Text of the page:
Photo by Randy Beerbower Elma Auto Raceway 2019 Hall of Fame inductees (from left) Tom Sweatman, Don “Slim” Erickson, Bob Beerbower and Rick Greves pose for a photo on March 9. Not pictured: Martin Hinderlie.

Photo by Randy Beerbower Elma Auto Raceway 2019 Hall of Fame inductees (from left) Tom Sweatman, Don “Slim” Erickson, Bob Beerbower and Rick Greves pose for a photo on March 9. Not pictured: Martin Hinderlie.

Elma Auto Racing adds five to Hall of Fame

Five race car drivers were honored on Saturday, March 9 at the 11th Annual Elma Auto Racing Hall of Fame Induction Program and Dinner held at the Grays Harbor County Fairgrounds in Elma.

Inducted into the Hall of Fame were Rick Greves, Tom Sweatman, Martin Hinderlie, Don “Slim” Erickson and Bob Beerbower.

Rick Greves

Greves began racing in the semi-modified class in Elma during the 1974 season, where he impressed by finishing second to future Elma Hall of Famer Rich Leighty in the seasonal championship.

Greves followed that performance with a fourth place in overall points in 1975.

Greves won multiple races over the next 10 years until he suffered a major accident in 1985. After recovering under medical supervision for approximately eight months, Greves returned to the track to keep racing and, later in his career, won the mid-season title.

Greves retired from racing in the early 90’s to focus on raising his two daughters.

Tom Sweatman

Sweatman began racing in 1981, a year after graduating high school, and he’s been at it ever since.

Racing hobby stocks, Sweatman won his first Elma championship in 1989.

Sweatman has raced in multiple classes and on both dirt and asphalt surfaces. He won a super-late model track championship at Spanaway Speedway and ran several seasons with the NASCAR Northwest Tour, totalling six victories in his time there.

In 1999, he won three races on the Northwest Tour and finished second in points. Sweatman also placed fifth in 1994 and fourth in 1998 in the NASCAR series.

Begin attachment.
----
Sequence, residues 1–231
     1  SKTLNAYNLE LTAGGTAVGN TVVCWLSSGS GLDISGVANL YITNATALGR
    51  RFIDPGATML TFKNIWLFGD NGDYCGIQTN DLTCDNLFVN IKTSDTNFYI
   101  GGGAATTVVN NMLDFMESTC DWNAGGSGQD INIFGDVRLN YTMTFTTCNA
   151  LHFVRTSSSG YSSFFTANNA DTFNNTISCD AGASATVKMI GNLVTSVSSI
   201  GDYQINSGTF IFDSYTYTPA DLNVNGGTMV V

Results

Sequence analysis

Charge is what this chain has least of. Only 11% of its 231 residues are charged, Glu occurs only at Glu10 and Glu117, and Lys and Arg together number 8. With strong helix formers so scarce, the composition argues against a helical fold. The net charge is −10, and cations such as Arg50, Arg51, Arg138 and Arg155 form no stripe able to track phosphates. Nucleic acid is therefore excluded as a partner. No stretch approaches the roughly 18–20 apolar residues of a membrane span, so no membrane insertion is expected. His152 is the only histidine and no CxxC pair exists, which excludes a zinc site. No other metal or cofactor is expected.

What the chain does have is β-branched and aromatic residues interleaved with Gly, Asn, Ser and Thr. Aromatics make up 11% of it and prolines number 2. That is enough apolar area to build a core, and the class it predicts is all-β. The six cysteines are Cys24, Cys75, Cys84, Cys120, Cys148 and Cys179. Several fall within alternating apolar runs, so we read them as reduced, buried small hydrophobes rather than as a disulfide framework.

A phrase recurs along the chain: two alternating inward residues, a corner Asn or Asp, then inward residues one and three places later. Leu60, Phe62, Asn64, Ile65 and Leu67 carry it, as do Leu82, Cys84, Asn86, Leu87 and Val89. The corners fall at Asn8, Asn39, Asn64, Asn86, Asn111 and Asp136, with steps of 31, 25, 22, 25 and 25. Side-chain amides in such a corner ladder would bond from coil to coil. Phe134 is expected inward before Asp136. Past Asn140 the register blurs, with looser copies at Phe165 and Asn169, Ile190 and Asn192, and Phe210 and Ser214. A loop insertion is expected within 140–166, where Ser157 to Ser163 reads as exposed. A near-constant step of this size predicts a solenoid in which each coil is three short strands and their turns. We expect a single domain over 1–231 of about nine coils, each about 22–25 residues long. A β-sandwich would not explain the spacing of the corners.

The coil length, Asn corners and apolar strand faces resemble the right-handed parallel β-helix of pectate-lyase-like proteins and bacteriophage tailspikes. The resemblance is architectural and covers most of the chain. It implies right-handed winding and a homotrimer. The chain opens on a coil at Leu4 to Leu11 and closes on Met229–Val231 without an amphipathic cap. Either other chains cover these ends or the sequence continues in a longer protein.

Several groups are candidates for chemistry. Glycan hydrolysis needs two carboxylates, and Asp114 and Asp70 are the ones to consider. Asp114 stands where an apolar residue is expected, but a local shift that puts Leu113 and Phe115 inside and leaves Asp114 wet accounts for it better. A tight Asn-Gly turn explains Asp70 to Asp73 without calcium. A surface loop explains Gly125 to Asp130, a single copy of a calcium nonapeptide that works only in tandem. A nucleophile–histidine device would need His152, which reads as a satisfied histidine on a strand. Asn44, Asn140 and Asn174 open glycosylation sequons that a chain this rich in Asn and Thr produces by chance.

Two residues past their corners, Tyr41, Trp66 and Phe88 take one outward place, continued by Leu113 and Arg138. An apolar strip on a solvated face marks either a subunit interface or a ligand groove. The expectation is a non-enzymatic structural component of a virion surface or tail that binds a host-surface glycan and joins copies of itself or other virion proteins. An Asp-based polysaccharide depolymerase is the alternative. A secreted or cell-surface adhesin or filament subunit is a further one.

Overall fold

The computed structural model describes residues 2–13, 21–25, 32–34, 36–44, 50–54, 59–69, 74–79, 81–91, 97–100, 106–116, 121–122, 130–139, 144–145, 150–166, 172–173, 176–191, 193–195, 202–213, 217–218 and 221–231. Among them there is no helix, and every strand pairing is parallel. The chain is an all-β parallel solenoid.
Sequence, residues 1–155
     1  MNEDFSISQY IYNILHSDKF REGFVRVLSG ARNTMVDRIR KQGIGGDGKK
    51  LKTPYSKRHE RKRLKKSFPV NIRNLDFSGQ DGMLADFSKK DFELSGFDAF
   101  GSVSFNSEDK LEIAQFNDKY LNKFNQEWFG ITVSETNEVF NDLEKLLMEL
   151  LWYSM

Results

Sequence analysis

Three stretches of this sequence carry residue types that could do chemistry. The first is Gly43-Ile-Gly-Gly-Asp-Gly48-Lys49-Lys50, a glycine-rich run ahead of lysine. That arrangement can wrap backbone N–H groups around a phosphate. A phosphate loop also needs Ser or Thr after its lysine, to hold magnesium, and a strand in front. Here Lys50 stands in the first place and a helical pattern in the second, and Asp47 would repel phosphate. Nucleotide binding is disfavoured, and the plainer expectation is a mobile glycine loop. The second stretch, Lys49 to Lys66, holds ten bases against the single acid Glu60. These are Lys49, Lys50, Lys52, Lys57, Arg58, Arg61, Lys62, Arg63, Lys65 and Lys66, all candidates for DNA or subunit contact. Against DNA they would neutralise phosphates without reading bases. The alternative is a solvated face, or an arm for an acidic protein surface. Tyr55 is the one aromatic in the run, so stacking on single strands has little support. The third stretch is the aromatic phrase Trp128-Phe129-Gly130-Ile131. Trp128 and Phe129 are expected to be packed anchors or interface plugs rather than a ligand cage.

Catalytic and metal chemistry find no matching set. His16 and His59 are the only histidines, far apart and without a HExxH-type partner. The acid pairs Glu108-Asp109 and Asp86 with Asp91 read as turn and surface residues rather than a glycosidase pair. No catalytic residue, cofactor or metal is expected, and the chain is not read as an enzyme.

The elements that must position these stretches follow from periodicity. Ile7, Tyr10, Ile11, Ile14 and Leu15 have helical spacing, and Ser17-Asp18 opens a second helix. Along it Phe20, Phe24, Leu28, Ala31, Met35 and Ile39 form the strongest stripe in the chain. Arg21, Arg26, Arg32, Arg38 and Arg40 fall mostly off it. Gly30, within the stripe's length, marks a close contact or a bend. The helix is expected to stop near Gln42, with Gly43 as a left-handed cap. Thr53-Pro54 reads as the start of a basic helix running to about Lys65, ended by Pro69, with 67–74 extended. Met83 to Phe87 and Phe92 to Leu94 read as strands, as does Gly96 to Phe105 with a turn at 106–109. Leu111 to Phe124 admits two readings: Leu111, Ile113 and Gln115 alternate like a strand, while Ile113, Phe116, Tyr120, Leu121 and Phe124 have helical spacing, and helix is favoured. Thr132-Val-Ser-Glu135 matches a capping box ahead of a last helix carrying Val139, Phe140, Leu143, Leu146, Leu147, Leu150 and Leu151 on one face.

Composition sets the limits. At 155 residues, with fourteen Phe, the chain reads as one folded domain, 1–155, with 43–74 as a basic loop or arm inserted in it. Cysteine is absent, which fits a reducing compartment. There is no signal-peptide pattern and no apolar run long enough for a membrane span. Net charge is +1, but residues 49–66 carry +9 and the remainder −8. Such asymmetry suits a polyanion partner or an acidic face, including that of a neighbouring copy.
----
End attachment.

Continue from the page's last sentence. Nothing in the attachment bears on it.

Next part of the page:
Sweatman also earned a race win in NASCAR’s Southwest Tour in 1999 in the Winter Heat Event held in Tuscon, Arizona, beating future NASCAR Cup Series champions Kevin Harvick and Kurt Busch in the process.

Sweatman returned to Grays Harbor Raceway to compete in the modified class and has won three straight championships from 2016-18.

Don “Slim” Erickson

Erickson had been involved at Grays Harbor Speedway for years, starting out by helping friends Brian Sutherby and Donny Fry with their sprint cars. He eventually helped out in track preparation and operations before being offered a position with the track in 2008.

Erickson has helped to maintain the clay track surface at Elma for over a decade.

Bob Beerbower

Former Grays Harbor County Fair Board member Bob Beerbower, who served in that role for 10 years, balanced speedway and horse racing events during his tenure.

After his time with the fair board, Beerbower served as Grays Harbor County Commissioner for 13 years.

While serving as county commissioner, Beerbower had a fortuitous meeting with late race promoter Fred Brownfield.

The meeting led to Brownfield promoting the “World of Outlaws” sprint car series at the Elma track in 1996 and 1997, before Brownfield Promotions took over track operations in 1998.

Beerbower played an integral role in raceway facility renovations, helping convince other county commissioners that hosting the sprint series and bringing about improvements to the raceway would benefit the community.

In 2003, work began on renovating Grays Harbor Raceway, including a new scoring tower, additional concessions, permanent grandstands and new track lighting, to name a few.

Beerbower and Brownfield’s vision for the track also included making the track larger, with a new crash wall and fencing around the entirety of the course.

The renovations were completed in 2004, giving Grays Harbor one of the top dirt track facilities on the West Coast.

Martin Hinderlie

Hinderlie was a master of many racing trades, competing in two, three and four-wheel races on dirt, pavement and off-road courses during his time as a driver.

Hinderlie competed in dirt bike races at the old Kingdome and won events at the Tacoma Dome against competitors from across the western United States.

He made the switch from bikes and Odysseys to four-wheeled machines where he dabbled in demolition derbies and endurance events at tracks in Shelton, Rainier, Spanaway, Yakima and Elma.

In 1984, Hinderlie made the move to hobby stocks and showed consistency competing on the Grays Harbor track, winning Rookie of the Year and the track championship in his first season.

A few years later, Hinderlie competed in pro stock events and also raced late models on the NASCAR Northwest Tour.

Hinderlie retired from racing in 1998.